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Comment As Luke Skywalker said to Han Solo.... (Score 1) 206

What a piece of junk! And this thing does NOT go 0.5 past lightspeed....

If anyone has taken a look into the Windows Store, it's crap... absolute garbage... Practically nothing of note is there, and the few apps that may be useful are poorly written with limited features. Who is Microsoft trying to fool here?

Of course, I doubt you'd be able to use another browser other than Edge, so you are really limited with this device (that was a big problem with their phones, too). This reminds me of Sun Corporation's obsession with the "NetPC". It's a computer with NO HARD DRIVE!!! Did you hear me? No hard drive! It costs $100 less, and it runs... JAVA!! Ooooh! All it was was an overpriced XServer, and it failed just as badly as Microsoft's dumb idea here. Microsoft needs to start getting smarter. Ideas like that are what put Sun out of business.

Comment The first computer I ever programmed.... (Score 2) 857

...was a TRS-80 Color Computer at a community programming class. I was hooked! Unfortunately, at the time, there was no way I could afford such a thing on my own. I received the David H. Ahl's BASIC Computer Games books as a Christmas gift, and I would pore over the code pretending to run the programs in my head. I guess those books were the first computer I ever owned. To help ease my computer cravings, I could book time at the local public library on their TRS-80 Model III, which was a lousy computer in all respects, but at least I had some access to it. I had to plan things out carefully, since I only had an hour, and that included cassette loading/saving time. Finally, I was able to get a computer that was affordable enough to acquire, since it was dirt cheap--a clearance sale model Timex Sinclair 1000 (the US version of the ZX81). I think I paid $35 for the computer and another $15 for the 16K RAM pack and some game cassettes. Without color or sound or even an on/off switch, it was certainly a piece of junk, but it was *MY* piece of junk which I could use anytime and any way I wished. Unlike in the UK, the US market had a dearth of software, but we did have a lot of books available, so I programmed as much as I could. I still have it, and it still works (I had to repair the voltage regulator a few years ago), and it still has those same horrid RF interference screen patterns that make it unusable on a modern TV. Fortunately, I have a few old B&W CRT TV's laying around...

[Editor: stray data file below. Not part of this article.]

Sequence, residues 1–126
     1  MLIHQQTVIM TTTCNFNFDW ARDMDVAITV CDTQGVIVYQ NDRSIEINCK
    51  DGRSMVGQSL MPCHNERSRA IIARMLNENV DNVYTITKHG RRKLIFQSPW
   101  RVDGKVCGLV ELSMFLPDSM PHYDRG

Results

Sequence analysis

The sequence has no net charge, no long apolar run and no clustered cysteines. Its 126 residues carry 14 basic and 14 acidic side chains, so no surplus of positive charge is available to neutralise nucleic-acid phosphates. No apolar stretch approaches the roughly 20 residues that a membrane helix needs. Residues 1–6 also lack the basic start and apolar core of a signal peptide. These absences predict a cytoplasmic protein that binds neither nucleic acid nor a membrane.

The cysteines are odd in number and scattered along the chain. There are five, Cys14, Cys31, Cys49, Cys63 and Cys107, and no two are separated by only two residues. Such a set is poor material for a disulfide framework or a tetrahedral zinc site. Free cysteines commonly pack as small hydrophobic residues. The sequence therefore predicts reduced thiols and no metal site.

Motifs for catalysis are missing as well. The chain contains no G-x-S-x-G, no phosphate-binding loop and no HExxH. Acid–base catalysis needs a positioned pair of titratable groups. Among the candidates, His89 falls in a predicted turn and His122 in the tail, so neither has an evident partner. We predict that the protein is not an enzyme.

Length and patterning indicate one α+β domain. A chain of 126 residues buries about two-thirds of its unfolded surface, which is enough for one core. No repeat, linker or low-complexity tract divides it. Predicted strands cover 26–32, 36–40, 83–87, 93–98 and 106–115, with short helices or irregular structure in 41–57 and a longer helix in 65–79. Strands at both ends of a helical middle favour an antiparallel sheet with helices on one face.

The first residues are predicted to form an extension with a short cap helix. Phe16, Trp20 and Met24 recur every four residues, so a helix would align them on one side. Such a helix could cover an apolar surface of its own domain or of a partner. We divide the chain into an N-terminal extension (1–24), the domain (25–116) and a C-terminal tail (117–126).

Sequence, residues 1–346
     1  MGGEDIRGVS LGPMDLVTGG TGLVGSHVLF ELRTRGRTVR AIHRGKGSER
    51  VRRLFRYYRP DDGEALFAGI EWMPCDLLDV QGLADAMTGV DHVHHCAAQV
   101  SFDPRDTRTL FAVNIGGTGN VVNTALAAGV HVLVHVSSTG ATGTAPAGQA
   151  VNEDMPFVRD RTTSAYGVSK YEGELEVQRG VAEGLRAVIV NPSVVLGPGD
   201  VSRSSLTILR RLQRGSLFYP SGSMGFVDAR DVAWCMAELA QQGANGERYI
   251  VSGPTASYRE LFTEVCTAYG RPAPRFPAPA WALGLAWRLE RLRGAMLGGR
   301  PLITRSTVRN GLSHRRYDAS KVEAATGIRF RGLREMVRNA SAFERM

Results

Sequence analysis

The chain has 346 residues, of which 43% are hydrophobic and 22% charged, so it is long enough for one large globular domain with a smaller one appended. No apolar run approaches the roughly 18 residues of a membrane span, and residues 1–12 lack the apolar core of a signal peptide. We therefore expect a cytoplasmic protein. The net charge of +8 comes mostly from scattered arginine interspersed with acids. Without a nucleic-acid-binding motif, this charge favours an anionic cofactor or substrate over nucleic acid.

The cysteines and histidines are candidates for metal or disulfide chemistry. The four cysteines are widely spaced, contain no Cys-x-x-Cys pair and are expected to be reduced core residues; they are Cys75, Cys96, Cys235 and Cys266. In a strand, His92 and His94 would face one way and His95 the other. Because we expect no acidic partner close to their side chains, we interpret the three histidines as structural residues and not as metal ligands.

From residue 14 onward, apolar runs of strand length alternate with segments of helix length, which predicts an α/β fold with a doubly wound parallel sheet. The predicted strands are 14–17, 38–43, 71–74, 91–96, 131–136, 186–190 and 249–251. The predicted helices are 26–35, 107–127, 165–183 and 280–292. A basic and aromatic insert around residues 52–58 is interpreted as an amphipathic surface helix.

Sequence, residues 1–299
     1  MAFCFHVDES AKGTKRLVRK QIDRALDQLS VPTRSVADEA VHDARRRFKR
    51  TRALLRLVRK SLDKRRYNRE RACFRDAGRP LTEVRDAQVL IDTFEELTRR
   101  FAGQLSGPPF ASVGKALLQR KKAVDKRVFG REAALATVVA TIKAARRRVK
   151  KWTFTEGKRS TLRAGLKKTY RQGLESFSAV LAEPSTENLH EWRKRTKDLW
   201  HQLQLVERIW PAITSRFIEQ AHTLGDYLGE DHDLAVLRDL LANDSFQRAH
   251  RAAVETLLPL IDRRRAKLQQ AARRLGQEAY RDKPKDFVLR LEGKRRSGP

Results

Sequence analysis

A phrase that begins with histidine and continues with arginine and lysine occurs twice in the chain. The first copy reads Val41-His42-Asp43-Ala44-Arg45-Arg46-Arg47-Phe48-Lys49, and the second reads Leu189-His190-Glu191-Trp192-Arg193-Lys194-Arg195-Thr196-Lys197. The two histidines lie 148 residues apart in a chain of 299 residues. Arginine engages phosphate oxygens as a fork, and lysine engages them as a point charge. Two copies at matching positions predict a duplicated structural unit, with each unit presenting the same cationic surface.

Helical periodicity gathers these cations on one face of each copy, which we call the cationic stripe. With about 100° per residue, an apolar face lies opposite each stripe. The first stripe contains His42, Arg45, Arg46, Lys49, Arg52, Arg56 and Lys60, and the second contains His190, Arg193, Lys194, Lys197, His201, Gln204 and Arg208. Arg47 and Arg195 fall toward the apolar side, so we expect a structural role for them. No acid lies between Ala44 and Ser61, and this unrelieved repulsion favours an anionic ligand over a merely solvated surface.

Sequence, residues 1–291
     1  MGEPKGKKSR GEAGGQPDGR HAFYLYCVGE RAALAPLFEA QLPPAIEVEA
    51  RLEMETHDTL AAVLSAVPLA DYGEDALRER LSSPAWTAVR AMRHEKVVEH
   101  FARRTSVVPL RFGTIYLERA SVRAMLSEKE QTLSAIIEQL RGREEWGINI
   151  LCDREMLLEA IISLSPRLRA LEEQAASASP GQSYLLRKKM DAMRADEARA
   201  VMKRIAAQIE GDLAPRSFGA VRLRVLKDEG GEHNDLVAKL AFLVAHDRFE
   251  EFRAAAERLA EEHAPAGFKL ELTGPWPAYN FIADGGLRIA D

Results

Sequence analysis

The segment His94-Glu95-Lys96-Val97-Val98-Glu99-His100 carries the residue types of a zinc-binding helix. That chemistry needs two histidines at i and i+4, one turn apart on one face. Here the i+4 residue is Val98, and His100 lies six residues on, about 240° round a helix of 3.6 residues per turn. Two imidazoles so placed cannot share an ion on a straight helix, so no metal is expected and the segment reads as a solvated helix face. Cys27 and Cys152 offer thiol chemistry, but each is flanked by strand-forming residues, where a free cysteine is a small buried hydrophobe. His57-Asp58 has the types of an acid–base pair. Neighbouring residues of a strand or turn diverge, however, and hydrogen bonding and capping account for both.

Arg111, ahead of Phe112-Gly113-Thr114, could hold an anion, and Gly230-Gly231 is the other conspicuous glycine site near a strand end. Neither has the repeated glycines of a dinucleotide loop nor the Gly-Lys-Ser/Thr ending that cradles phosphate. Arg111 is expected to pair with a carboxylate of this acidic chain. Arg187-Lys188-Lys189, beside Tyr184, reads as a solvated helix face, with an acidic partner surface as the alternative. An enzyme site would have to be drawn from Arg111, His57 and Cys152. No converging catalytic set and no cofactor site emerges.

Later on I was able to snag an Atari 1200XL on clearance and was finally able to move onto "real" computing. That Atari was by far my favorite computer, but that lousy Sinclair still holds a special place in my heart. After all, you never forget your first! :-)

Comment Re:Things I'd fix if I could go back in time... (Score 1) 467

Since you brought up Jay Miner of Atari, could it have killed them to add 4 bits to the Atari 2600 VCS address bus to allow it to address the full 64K instead of 4K on the cartridge? I mean, how much money did they save, really? It would have saved a lot of time and money in the future not to have weird bank switching schemes. I'm sure they never expected their device to be viable for the 15 years that it was, but still... how cheap can you get?